(Repeats with no change to headline or text)
By Julia Love and Aishwarya Venugopal
Jan 12 (Reuters) - Online radio service Pandora Media Inc said it would reduce its U.S.-based workforce by about 7 percent as it seeks to become profitable in the fiercely competitive market for music streaming.
The company also announced that it expects to surpass its previous fourth-quarter revenue forecast, propelled by gains in advertising revenue and paid subscribers. Shares of Pandora were up 6.8 percent at $12.81 in extended trading.
Pandora and its chief rival, Spotify, have struggled to find a sound business model amid razor-thin margins in the music industry. Hurt by competition from new entrants such as Apple and Amazon that can afford to lose money on music, Pandora’s revenue growth has been losing steam for several quarters, while its losses have deepened. Shares of Pandora, which is expected to report its fourth-quarter results on Feb 17, are down almost 70 percent from their all-time high in March 2014.
Pandora said the job cuts, which would be executed by the end of the first quarter in 2017 and do not include recent acquisition Ticketfly, are intended to reduce operational costs. As of Dec. 31, 2015, Pandora had 2,219 employees.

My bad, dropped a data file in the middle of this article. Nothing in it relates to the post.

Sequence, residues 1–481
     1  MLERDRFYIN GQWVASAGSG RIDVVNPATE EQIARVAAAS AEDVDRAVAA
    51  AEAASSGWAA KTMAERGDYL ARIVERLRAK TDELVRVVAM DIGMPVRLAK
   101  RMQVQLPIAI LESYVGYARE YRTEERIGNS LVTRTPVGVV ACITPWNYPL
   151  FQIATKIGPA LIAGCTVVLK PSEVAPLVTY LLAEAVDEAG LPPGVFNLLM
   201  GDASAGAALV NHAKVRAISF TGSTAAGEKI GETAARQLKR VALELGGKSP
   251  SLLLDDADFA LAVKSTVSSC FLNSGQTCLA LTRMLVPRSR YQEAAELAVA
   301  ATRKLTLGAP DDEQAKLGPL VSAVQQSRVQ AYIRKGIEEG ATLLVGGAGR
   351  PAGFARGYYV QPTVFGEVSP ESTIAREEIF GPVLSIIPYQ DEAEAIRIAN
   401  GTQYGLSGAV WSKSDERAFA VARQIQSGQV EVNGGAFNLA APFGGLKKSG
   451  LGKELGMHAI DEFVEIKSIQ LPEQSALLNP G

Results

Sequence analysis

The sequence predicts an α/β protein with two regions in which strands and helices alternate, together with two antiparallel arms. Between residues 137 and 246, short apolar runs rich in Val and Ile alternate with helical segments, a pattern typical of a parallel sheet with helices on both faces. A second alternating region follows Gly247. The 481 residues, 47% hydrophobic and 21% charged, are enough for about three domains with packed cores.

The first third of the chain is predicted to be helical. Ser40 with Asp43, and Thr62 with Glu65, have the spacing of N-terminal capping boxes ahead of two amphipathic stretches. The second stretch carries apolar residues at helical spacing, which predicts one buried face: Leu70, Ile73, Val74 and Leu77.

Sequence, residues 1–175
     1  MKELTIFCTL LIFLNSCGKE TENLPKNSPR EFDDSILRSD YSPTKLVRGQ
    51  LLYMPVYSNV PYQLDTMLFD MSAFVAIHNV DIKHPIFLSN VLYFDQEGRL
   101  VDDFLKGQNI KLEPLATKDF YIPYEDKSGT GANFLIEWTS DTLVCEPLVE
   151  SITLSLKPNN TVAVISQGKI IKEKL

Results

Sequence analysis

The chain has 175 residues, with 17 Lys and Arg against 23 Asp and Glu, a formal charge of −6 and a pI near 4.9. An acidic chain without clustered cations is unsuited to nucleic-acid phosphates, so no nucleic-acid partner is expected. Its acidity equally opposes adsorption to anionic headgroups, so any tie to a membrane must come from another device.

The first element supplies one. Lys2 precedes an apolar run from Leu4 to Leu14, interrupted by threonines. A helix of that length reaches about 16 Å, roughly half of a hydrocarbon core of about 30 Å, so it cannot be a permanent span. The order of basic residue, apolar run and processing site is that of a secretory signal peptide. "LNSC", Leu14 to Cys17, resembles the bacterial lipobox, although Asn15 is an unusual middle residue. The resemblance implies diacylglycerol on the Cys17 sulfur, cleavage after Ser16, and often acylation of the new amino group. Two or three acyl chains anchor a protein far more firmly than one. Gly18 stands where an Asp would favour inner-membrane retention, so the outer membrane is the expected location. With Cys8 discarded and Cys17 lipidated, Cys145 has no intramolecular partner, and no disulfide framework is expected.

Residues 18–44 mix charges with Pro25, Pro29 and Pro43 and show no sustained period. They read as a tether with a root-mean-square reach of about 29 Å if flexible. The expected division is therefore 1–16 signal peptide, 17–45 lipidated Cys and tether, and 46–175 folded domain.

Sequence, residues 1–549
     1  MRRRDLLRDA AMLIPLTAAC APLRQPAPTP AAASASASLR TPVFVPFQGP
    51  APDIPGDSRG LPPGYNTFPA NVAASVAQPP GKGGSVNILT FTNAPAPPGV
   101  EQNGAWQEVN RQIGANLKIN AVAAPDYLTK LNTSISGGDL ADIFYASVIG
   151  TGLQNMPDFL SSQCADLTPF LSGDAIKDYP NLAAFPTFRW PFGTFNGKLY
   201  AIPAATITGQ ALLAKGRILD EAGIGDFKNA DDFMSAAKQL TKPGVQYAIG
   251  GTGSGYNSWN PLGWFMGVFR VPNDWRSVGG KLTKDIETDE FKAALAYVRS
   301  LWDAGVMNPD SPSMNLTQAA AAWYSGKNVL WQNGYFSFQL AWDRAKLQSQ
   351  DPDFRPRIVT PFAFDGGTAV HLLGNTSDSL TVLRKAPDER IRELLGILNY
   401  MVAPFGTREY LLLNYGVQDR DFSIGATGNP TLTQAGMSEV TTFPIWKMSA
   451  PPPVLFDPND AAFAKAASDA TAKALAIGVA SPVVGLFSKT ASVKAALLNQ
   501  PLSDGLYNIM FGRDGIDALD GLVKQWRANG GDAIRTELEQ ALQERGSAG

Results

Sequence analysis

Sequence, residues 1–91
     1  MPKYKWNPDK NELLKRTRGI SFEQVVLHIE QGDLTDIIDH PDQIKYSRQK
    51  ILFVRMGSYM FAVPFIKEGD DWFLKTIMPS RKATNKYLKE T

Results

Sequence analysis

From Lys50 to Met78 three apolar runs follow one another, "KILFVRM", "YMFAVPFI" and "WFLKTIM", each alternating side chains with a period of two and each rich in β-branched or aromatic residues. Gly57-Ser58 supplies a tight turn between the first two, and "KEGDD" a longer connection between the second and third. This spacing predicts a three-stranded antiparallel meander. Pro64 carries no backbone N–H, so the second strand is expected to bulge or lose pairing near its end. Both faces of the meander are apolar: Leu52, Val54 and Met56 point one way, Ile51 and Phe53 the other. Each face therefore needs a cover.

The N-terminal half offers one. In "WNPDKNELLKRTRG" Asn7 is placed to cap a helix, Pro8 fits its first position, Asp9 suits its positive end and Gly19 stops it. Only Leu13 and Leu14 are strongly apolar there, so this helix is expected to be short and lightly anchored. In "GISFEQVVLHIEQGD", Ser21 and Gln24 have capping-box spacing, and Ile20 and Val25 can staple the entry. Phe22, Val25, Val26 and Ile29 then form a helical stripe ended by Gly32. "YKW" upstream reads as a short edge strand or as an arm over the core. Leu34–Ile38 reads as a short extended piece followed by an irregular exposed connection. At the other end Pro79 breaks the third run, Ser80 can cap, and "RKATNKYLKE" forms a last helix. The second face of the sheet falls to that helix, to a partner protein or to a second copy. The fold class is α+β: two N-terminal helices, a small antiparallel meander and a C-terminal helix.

The company said revenue would exceed its previous forecast of $362 million to $374 million. Subscription radio service Pandora Plus, launched last fall, had attracted more than 375,000 new subscribers by the end of December, Pandora said.
Pandora Chief Executive Tim Westergren, who returned to the company last year, said in an interview last week that the company’s strategy is beginning to come into place.
The company has integrated its acquisition of Ticketfly, opening up a new stream of revenue, and it is putting the finishing touches on an on-demand music streaming service, which has long been missing from its lineup.
A top priority has been mending Pandora’s relationship with the recording industry, which grew strained through years of fights over music rights, Westergren said.
“Part of the cloud we had to come out from under was those years of essentially talking with the industry only in Washington,” he told Reuters. “That’s just not a place where healthy relationships are formed.”
Music executives now appreciate that a robust Pandora is good for the health of the industry at large, said Jason Peterson, director of Cinq Music, a music label.
“We should be doing everything we can to support the market development that these retailers do,” he said. (Reporting by Julia Love in San Francisco and Aishwarya Venugopal in Bengaluru; Additional reporting by Noel Randewich in San Francisco; Editing by Bernard Orr)